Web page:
Children In Shul

A child's haven?

One of the curiosities of Anglo-Jewish synagogues is their members’ ambivalent attitude towards children. It is common for synagogue regulars to bemoan the dearth of small children in the Shul, worried that their absence indicates the imminent demise of their community. Yet when they attend, and worse still, behave as normal children, the regulars tut and grumble that they are too noisy! This is partially a British phenomenon: many restaurants in this country are unwelcoming to children, family tickets at attractions are absurdly expensive and baby-buggies often won’t fit through shop entrances. Yet since it is obvious that the presence of children is a sine qua non for a healthy community, the issue of children’s involvement in Shul life is worth exploring.

The United Synagogue in which I grew up, in common with most similar Shuls, ran a children’s service, which I thought was rather good. Almost none of the children who attended went to Jewish schools, so learning the prayers and songs in a structured atmosphere was the thing to do. In retrospect, there was another reason for this format – the main goal of the children’s service was to train the young participants for a life of adult Shul attendance. We dare not trivialise the need to raise children who will be comfortable with synagogue services and possibly even able to run them, yet it seems to me that times have changed, but in many places, children’s services have not.

It is to our collective credit that a much higher proportion of children from the mainstream community now attend Jewish primary schools, where they receive a daily dose of tefillah in some kind of structured atmosphere. Since davening and school go hand-in-hand, attending a regular Shabbat children’s service smells suspiciously like school on a Saturday, a major disincentive to attendance. Add to this the hardly controversial observation that while some (like me) were drawn in to synagogue life by the formal children’s service, the proportion of those who have scarcely attended Shul since childhood is alarmingly high. Put another way, the old-model children’s service did not produce a generation of Shul-able (or even Shul-going) adults. Were that the case, today our Shuls would be overrun; sadly, bar a few notable exceptions, they are not.

It is clearly necessary for children to be occupied with some age-appropriate activity, for while some will want to sit with their parents, many will quickly become bored in the Shul, and others may come without adults at all. Yet I don’t think that the Shul should be a childfree zone – some kind of balance between attending the adult service and a junior programme seems appropriate.

To my mind, the purpose of children’s programming is to enable the kids to have a really great time while on the Shul premises, while to some degree expanding their knowledge and love of Judaism. I feel that the formal service should be abandoned in favour of fun learning, including quizzes, drama and games, all with an educational bent, focused on the weekly portion, the season or a challenging issue from a Jewish perspective. There will, of course, be some Shabbat tefillah, but the overall content and style of the event should be as different as possible from that of the children’s regular school day. If at all possible, several smaller, age-appropriate groups should replace a single service – how can one provide an engaging experience for an eleven-year-old and a four-year-old together? And to give it the right feel, I think that the term ‘service’ should be abandoned in favour of ‘programme’ or similar.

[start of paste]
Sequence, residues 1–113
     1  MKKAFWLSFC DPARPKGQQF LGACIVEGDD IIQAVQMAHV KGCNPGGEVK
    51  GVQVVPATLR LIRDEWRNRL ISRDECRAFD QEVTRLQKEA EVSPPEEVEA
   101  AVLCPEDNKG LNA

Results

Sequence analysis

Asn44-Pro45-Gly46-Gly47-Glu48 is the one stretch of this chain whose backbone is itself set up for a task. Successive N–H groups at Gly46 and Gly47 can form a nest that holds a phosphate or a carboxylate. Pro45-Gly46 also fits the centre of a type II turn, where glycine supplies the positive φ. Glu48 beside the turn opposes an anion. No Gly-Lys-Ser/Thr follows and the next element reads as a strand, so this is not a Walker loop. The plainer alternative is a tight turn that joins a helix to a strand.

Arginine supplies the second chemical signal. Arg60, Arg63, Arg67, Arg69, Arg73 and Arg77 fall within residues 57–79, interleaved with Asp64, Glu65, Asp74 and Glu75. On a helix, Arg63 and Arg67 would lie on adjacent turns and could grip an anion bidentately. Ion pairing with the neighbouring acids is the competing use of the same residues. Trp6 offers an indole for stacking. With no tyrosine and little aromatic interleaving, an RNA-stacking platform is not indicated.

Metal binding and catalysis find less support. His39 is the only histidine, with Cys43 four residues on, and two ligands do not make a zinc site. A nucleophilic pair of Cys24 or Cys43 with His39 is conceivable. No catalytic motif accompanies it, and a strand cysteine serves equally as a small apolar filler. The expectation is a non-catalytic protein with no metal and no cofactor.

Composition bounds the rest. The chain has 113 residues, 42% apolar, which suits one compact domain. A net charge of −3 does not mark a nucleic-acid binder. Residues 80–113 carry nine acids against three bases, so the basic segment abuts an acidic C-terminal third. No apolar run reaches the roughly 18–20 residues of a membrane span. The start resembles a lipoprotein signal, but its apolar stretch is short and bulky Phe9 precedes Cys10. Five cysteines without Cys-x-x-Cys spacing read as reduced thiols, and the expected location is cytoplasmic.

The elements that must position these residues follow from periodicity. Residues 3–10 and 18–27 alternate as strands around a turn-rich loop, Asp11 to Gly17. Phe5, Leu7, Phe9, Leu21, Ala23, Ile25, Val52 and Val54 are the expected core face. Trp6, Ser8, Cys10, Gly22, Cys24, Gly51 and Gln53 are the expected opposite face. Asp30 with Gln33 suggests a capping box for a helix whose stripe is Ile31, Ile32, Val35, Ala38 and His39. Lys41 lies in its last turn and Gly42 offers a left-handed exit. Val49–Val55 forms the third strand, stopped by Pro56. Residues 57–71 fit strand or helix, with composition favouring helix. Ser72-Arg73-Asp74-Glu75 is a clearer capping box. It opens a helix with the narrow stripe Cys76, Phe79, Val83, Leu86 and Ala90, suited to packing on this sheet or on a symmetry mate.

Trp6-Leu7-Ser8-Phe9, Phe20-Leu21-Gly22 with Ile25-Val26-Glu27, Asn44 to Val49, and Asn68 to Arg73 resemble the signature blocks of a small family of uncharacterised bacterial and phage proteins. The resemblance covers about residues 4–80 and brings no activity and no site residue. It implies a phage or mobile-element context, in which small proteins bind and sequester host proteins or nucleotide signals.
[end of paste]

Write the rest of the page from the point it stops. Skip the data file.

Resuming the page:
I want the children to leave Shul happy and exhilarated, having had a chance to spend time with their friends, run about to release some energy, learn something new and have a great time. Let them be sorry that the programme has finished for that week and full of anticipation for the next one – in short, Shul needs to be turned into a place that children see as fun and cool, to which they will want to bring their friends. It’s true that they will make lots of noise and won’t spend more than a short while davening, but does that really matter? Give them positive experiences as children and they are much more likely to come back as adults. Childhood moments are formative – a good experience now will probably lead to proper involvement later.

It goes without saying that these programmes must be run professionally – modern children are experts at complaining if things aren’t quite up to scratch! There should be prizes and attendance incentives, as well as that old Jewish favourite, food.

I appreciate that this model won’t suit all communities – in some, a lower proportion of children attend Jewish primary schools, and so a more tefillah-focused content may be appropriate. In others, it may be very hard to identify suitable madrichim who are young, dynamic and capable of imparting a love of Judaism to their charges. In still others, the small number of children may not allow the division of the programme into several groups.

Yet in principal, the central need is to change focus– by giving children a true children’s experience, they will want to keep coming back to Shul – as children, youth and then later as excited adults.

A version of this article first appeared in the Jewish Chronicle. It is republished with permission.